In the play, Jonah finally comes around. But in the book of Jonah we are left to wonder if the prophet actually accepted God’s mercy and love of all people — even those Ninevites. In the play or the book, we are challenged, like Jonah, to realize God’s love is for all people, even those we might consider despicable or un-redeemable. A “whale” of a challenge, some might say. May God’s endless love and mercy win.









I spotted an albino Dalmatian. It was the least I could do.

Yesterday I saw an ad that said ‘radio for sale, $1, volume stuck on full.’
I thought, ‘I can’t turn that down’










Read: Psalm 26: 1-8

Vindicate [Judge] me, O LORD,
for I have walked in my integrity,
and I have trusted in the LORD without wavering.
2Prove me, O LORD, and try me;
test my heart and mind.
3For your steadfast love is before my eyes,
and I walk in faithfulness to you.
4I do not sit with the worthless,
nor do I consort with hypocrites;
5I hate the company of evildoers,
and will not sit with the wicked.
6I wash my hands in innocence,
and go around your altar, O LORD,
7singing aloud a song of thanksgiving,
and telling all your wondrous deeds.
8O LORD, I love the house in which you dwell,
and the place where your glory abides.

I have to admit, on my first reading, all I could think was, “What a braggart. Aren’t you full of yourself.” With such a negative reaction, I need to scurry to my Bible commentaries to see what was going on here. What I found was quite different.

The psalm seems to follow a Hebrew tradition that describes a procedure that could be followed by people falsely accused or involved in a case where the evidence is not clear. “We find the prophet Jeremiah, accused and attacked by opponents of his prophetic activity, prayed like this for God’s providence to vindicate his mission and message… [Martin] Luther interpreted this psalm personally in the context of accusations against him of disloyalty to the church and perversion of doctrine.”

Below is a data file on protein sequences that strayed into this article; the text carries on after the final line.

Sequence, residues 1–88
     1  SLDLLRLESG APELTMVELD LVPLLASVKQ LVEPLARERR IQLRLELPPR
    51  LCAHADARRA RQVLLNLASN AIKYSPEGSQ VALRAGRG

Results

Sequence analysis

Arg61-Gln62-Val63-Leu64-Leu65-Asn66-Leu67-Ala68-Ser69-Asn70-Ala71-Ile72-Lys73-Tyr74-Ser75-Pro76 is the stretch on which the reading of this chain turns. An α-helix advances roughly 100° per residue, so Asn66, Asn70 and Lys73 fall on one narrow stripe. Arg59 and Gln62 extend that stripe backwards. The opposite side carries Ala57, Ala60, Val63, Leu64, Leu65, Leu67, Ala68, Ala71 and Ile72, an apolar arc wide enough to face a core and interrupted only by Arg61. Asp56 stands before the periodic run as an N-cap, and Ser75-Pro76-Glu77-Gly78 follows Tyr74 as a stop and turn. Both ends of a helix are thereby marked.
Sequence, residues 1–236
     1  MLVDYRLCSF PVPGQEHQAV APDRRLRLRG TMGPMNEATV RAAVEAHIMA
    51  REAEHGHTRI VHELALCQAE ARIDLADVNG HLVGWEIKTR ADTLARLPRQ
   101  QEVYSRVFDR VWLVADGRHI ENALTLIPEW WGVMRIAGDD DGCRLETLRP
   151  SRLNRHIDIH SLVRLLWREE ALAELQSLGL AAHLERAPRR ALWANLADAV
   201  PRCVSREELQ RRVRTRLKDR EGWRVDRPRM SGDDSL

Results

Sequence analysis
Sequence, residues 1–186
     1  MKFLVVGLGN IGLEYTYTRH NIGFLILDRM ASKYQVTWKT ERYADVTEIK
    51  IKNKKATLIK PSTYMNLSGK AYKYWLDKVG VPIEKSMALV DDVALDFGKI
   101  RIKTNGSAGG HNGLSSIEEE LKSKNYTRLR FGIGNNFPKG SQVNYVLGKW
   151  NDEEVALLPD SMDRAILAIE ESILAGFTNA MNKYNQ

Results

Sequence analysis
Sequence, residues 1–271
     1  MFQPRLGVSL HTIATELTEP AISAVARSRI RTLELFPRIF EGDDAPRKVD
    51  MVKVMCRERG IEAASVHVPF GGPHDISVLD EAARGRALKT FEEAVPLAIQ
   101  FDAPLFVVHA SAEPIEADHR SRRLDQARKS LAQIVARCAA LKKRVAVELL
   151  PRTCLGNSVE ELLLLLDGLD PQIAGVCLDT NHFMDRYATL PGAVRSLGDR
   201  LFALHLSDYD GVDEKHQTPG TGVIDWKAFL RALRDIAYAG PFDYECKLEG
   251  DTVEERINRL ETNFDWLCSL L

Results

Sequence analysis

Put in that context, the psalmist is speaking out of “circumstances where life or vocation is accused or suspected by others.” The psalmist is feeling and/or facing rejection or persecution for following the ways of the Lord. “The prayer turns to God as the supremely authoritative judge of nations and individuals because he is the arbiter who knows not only the facts but what lies in heart and mind, what is felt and intended (vs 2).”

The speaker is not speaking out of pride or self-righteousness. The psalmist is asking the Lord to examine him — inside and out — in all these different areas (integrity, faithfulness, those he associates with, worship). The psalmist lays out his life, asks God to decide its authenticity and make that decision known to those who oppose or scorn him. Even if the world will not accept it, the psalmist desperately wants God’s affirmation, that will give him the strength and courage to continue in faithfulness and mission.
(quotes from James L.  Mays, Interpret: Psalms  Louisville, KY Westminster John Knox Press, 1994, p. 128, 130)

Prayer:  (ELW Psalm 26 Prayers)
Faithful God, you cleanse us in the waters of baptism to serve you with lives of integrity. Send us from the assembly of your people to give thanks for your wonderful deeds in all that we say and do; through Jesus Christ, our Savior and Lord. Amen.

“Psalm 26: Declare me Innocent”

“Your Love Defends Me” (Matt Maher)

“Lord, I Need You”

“You’re the God Who Stays”